The Q&A after the film included Coles, Wentzell, Kristina and others. Steve Howe had been advertised, but his absence was hardly surprising given the recent and unexpected death of his son, Virgil Howe. Again, there was more lamenting about things today, although Kristina gave a spirited defence of the value of the Internet for promoting music.

In all, an enjoyable film, worth seeing, with great photos, telling an interesting story of music journalism through the period, with some touching moments (like Wentzell's clear affection for Hendrix), if in a few places a more rambling narrative than I prefer.

Sunday, 24 September 2017

REV: Firefly Burning, 17 Sep 2017, London

Firefly Burning
supported by Counter's Creek
The Slaughtered Lamb, London
17 Sep 2017

I think I like The Times' description of Firefly Burning best: "ideal for anybody who wishes Kate Bush were a bit more arty or Steve Reich were a lot more folky". The band have been around for some years now, part art-folk, part avant-pop, reviewed by prog and folk magazines alike. They were playing a pair of dates previewing new material.

First up were Counter's Creek, an instrumental folk trio from Walthamstow on fiddle, pipes and guitar. Not my usual kind of music, all jigs and reels, but good stuff.

Then Firefly Burning. The band are Bea Hankey (voice), Jack Ross (guitars, drum), James Redwood (violin, mandolin), John Barber (synths, gamelan, piano) and Sam Glazer (cello), and all those people and instruments barely fitted on the small Slaughtered Lamb stage. The venue seemed full, so just getting into a three figure audience, I would guess. The band opened with "Beloved" from their second album, Skeleton Hill, and partway through they played "I am a Bomb" from the same album, both having become signature pieces for the group.

But the rest of the set was around seven new pieces from their planned third album, which they'll be recording in October at Aldeburgh Music in Suffolk. I think one was familiar from a late 2016 show, but I had not heard the rest and I'm not certain what details I can remember! Hankey said they have written more lyrics themselves for the third album, exposing themselves more, with songs of loss, hope and love. Their first new piece was "Follow", a similar piece to "Beloved", and partly inspired by the feeling of walking over tactile pavements(!).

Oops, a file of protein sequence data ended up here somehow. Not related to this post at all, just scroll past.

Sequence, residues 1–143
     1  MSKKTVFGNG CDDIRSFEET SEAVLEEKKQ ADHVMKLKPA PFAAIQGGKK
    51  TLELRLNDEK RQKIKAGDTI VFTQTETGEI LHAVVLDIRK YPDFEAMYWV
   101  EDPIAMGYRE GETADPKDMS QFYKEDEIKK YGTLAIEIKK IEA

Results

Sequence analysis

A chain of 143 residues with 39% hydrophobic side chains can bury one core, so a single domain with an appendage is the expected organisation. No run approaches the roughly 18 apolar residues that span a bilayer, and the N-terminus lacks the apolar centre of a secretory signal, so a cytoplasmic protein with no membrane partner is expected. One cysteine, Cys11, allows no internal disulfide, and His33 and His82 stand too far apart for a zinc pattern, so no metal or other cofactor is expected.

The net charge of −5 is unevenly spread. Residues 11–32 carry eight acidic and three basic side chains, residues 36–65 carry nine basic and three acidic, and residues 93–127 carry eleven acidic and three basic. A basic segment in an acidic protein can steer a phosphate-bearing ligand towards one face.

A song about a kitsch greeting card was next and showed the fun side of the band. There was a spacey song about the stars, inspired by Hankey's love of dystopian SF, one of my favourites of the new material. Other new pieces included "Lost" and a piece entitled "Call to Me" that interpolated Thomas Hardy's poem "The Voice" with additional lyrics from Hankey. Hankey did all the talking from the stage in between songs and was charming in her explanations of the new material. After sustained applause, they came back to encore with a cover of Radiohead's "Fake Plastic Trees".

The new material offers the Firefly Burning recipe of Hankey's dramatic and enveloping vocals, harmony vocals by the band, some driving melodies, and unusual rhythmic parts, all within a minimalist/avant-folk atmosphere. The band are great live; I recommend both previous albums and look forward to the third one.

Monday, 11 September 2017

REV: The Reflection Wave One—Original Soundtrack, by Trevor Horn

For someone who has been so successful and working in the industry for so many years, it is perhaps odd that Trevor Horn has never released a solo album before. As he says in one of the video interviews for the special edition of The Reflection Wave One—Original Soundtrack, he wouldn't pick himself as someone to produce. Yet here we are, Trevor Horn's first solo album... of sorts. Following on from Producers/The Trevor Horn Band, Horn steps out from behind the recording desk, although a soundtrack album still keeps him one step removed from your usual solo debut.

What then has coaxed Horn out of his shell? The surprising answer is a Japanese anime series entitled The Reflection, co-created by famed comics writer Stan Lee (co-creator of Spider-Man, the Hulk, the Fantastic Four, Iron Man, the X-Men, Thor etc. etc.) and director Hiroshi Nagahama (directed Mushishi, The Flowers of Evil, Detroit Metal City). An initial season of 12 episodes premiered 22 July 2017 on NHK. The show has had middling reviews. I'm enjoying it (subtitled), but I wouldn't make any grand claims for it. The story entails a cataclysmic event some years previously, the Reflection of the title, that has left select individuals as superheroes or supervillains. We follow the protagonists along as they team up to fight the bad guys. The anime itself has a blocky visual style, a reference, I take it, to old comic books. And, indeed, the whole story is a paean to a style of comic storytelling that Lee pioneered. There are, perhaps, only so many superpowers to dream up, so some of the characters are familiar: a key villain is a female Magneto, for example. Others, like Lisa Livingstone, are more imaginative. We're still partway through the series, so no comment yet on how it all fits together.

Within all this is Horn's music, but the music is also part of the fiction. The lead single, “Sky Show”, exists within the story as a 1980s one-hit wonder by a character called Ian Izette, who has now donned a super-suit to fight crime. Trevor Horn 'appears' in episode 4 (voiced by someone else, in Japanese) as the producer of "Sky Show". (On the soundtrack album, "Loneliness and Solitude" begins by replicating this scene in English, with Horn doing his own voice, and his daughter doing her voice.) Another four characters in the show are meant to map on 9nine, the Japanese girl group who sing the end title song.